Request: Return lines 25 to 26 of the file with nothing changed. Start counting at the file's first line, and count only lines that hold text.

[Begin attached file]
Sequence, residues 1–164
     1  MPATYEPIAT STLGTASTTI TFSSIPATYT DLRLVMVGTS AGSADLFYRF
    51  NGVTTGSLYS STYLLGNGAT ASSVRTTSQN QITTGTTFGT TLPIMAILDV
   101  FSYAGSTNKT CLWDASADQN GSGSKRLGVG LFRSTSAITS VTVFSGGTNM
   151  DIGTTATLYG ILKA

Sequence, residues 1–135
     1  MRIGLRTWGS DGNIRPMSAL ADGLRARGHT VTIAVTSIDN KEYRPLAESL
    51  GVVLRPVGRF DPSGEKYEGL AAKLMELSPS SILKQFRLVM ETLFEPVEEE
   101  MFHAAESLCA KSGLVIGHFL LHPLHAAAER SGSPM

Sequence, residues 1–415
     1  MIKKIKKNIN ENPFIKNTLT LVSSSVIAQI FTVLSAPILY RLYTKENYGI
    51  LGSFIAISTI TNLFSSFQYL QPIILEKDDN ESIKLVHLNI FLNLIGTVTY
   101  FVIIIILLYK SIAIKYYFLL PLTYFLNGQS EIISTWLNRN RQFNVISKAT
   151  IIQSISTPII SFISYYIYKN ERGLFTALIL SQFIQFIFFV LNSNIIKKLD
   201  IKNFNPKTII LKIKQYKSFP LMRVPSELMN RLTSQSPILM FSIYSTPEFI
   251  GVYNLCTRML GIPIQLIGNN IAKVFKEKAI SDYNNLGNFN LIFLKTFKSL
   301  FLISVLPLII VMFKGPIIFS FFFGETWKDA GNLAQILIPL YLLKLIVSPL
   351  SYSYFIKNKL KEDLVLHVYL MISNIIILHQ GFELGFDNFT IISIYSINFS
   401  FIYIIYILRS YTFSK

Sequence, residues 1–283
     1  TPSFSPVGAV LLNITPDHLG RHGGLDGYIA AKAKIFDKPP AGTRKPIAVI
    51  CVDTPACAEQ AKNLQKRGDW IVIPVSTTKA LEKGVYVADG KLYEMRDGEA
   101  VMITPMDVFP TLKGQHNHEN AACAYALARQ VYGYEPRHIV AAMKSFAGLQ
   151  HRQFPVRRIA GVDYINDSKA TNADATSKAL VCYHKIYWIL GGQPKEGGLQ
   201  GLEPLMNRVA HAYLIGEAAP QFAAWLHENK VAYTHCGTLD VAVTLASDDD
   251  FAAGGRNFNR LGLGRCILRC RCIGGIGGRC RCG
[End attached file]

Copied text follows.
   201  GLEPLMNRVA HAYLIGEAAP QFAAWLHENK VAYTHCGTLD VAVTLASDDD
   251  FAAGGRNFNR LGLGRCILRC RCIGGIGGRC RCG